T-Online to begin music on demand pilot project

Deutsche Telekom's T-Online is to begin testing an innovative service called Music on Demand, which will give Internet users the ability to download music over digital phone lines. Participants will be able to search a database by title, artist or by music category and then download a portion of a song before deciding whether to order it.

Deutsche Telekom's T-Online is to begin testing an innovative service called Music on Demand, which will give Internet users the ability to download music over digital phone lines.

T-Online is now recruiting participants, hoping to have about 300 by August, when a pilot project of the service is scheduled to start, Deutsche Telekom said in a news release.

Participants will be able to search a database by title, artist or by music category and then download a portion of a song before deciding whether to order it.

All of the top five record companies, PolyGram, Sony, Warner, EMI and BMG, are expected to participate in the pilot, along with some smaller labels, a Deutsche Telekom spokesman said today.

He added that the quality of the recordings is expected to be comparable to that of a mini disk. But he declined to give more details because negotiations with the record companies have not yet concluded.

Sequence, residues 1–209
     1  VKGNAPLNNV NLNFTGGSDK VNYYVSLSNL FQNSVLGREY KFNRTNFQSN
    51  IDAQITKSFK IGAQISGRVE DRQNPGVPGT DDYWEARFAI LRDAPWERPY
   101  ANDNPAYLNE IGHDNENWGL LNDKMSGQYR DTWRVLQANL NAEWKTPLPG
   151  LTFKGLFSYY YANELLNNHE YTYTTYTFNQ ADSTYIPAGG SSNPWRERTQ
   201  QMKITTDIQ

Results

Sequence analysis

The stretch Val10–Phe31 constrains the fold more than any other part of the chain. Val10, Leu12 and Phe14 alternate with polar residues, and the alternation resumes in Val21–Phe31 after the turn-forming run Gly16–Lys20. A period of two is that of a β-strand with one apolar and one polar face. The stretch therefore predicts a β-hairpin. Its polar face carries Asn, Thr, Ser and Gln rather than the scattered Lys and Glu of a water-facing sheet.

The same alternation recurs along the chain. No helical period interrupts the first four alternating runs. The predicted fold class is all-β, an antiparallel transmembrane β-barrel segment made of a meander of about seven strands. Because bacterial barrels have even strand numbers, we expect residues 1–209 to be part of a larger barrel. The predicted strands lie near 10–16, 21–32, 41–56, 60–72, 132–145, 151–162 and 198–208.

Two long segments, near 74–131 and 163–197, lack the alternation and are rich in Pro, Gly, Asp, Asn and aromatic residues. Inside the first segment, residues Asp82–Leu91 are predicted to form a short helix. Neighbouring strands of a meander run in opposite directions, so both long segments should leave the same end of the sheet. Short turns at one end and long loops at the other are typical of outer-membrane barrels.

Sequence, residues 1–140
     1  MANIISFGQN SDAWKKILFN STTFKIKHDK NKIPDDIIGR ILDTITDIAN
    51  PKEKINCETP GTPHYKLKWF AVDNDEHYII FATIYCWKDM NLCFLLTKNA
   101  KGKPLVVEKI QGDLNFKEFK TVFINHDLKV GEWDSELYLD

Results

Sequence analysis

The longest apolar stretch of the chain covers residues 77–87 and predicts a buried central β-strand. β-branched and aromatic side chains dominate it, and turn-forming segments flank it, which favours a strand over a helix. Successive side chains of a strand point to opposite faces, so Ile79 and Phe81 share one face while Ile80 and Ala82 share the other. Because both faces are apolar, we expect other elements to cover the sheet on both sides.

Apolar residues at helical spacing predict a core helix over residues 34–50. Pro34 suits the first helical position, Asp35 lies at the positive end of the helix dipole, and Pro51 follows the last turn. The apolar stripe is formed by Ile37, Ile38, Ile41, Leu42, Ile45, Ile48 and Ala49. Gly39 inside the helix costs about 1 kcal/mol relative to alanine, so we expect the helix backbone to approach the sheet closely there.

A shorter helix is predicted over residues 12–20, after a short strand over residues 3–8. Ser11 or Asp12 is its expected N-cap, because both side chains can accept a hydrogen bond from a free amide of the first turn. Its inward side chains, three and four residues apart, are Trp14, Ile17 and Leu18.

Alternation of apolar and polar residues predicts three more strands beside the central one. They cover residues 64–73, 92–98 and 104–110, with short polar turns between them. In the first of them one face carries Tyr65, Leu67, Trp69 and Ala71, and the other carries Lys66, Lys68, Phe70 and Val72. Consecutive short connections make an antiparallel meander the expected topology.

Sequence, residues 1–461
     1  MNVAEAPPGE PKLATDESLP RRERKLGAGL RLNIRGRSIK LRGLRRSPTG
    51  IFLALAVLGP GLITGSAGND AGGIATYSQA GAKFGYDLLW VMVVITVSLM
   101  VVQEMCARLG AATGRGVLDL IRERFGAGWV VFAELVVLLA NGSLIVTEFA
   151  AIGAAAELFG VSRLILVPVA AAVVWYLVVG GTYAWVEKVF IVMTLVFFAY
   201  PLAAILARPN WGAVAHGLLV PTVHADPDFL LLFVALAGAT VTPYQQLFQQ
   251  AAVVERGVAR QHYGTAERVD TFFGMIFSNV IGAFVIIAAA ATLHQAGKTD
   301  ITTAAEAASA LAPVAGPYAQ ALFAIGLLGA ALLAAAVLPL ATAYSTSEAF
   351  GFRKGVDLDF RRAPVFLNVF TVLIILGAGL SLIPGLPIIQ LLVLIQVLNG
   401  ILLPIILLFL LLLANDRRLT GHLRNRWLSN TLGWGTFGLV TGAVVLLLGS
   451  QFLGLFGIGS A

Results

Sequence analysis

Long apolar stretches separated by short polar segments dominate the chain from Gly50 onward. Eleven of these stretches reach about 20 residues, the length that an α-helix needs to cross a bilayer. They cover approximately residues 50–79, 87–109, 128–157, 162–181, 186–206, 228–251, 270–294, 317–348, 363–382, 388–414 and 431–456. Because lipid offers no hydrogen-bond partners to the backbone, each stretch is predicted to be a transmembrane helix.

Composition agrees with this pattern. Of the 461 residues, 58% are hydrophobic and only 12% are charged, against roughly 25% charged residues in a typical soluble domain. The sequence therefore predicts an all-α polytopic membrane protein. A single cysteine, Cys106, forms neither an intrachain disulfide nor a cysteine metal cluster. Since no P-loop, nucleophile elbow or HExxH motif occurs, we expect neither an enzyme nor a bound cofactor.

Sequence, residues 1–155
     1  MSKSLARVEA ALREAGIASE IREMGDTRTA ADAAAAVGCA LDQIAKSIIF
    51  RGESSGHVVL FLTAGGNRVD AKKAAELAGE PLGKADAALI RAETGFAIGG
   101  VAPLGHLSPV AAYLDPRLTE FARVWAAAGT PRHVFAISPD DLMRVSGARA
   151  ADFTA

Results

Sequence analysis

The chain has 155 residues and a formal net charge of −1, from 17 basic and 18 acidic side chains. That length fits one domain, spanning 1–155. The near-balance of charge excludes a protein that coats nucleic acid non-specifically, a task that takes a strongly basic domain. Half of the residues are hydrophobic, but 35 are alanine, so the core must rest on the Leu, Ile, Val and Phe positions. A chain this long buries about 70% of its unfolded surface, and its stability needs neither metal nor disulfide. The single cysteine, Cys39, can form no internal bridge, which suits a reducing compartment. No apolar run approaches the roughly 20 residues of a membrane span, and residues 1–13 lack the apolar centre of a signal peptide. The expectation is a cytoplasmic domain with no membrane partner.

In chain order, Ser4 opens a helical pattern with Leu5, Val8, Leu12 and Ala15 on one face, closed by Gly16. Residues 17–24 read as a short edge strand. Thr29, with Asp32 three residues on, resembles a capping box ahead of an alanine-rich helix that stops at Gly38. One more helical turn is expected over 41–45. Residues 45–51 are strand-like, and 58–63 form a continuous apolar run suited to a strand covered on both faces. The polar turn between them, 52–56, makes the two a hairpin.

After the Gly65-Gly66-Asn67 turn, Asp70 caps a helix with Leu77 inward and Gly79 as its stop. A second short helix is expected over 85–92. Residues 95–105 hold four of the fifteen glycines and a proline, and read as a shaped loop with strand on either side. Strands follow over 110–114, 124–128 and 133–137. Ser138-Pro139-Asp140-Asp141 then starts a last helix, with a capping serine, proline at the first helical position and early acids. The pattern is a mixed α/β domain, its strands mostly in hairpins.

Users will be able to make their selections by clicking and dragging the song title into a shopping cart. After payment is received, music will be transmitted over a distributed server network using the MPEG Layer 3 international standard.

By using MPEG audio coding, the original sound data from a CD can be shrunk by a factor of 12 without losing sound quality, according to MPEG Layer 3 developers at the Fraunhofer Institut Integrierte Schaltungen in Erlangen.

The music data can be transmitted immediately or at a time designated by pilot project participants - such as at a time of day when telecom rates are low. The speed of transmission will be 128K bits per second over two ISDN lines.

The opportunity to download music is "all over the Internet, but the quality is not there yet," says Lois Gilbert, president of AudioWorks Group in New York, which markets musicians over the Internet.

She estimates it will be another six months before music can be offered over the Internet at the quality listeners expect. She also questions a project in which only the major record companies are participating.

"I think the Internet should be used to level the playing field, especially for jazz and classical musicians," she says. "What's the difference if you're only going after the big five?"

T-Online said customers interested in participating in the pilot must have a Pentium-PC with sound card, an ISDN card with a T-Online decoder, operating system Windows 95 or Win 3.11 and available disk space. One minute of music takes up about 1Mb of storage, according to T-Online.

Participants also will need software for decoding MPEG 1 Layer 3 music files, software for communications between their PC and the audiovisual server system, and music archive software for management of music files.

Deutsche Telekom, in Bonn, Germany, is at at http://www.dtag.de/.

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